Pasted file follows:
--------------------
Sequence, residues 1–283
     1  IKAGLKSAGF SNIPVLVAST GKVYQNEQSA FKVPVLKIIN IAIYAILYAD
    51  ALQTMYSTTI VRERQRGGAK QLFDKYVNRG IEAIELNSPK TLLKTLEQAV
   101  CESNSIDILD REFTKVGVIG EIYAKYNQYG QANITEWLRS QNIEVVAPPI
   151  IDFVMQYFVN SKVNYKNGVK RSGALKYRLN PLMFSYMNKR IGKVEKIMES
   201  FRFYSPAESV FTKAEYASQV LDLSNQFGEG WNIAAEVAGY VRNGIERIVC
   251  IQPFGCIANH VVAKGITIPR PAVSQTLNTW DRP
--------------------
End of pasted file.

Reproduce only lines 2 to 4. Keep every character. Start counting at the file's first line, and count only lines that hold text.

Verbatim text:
     1  IKAGLKSAGF SNIPVLVAST GKVYQNEQSA FKVPVLKIIN IAIYAILYAD
    51  ALQTMYSTTI VRERQRGGAK QLFDKYVNRG IEAIELNSPK TLLKTLEQAV
   101  CESNSIDILD REFTKVGVIG EIYAKYNQYG QANITEWLRS QNIEVVAPPI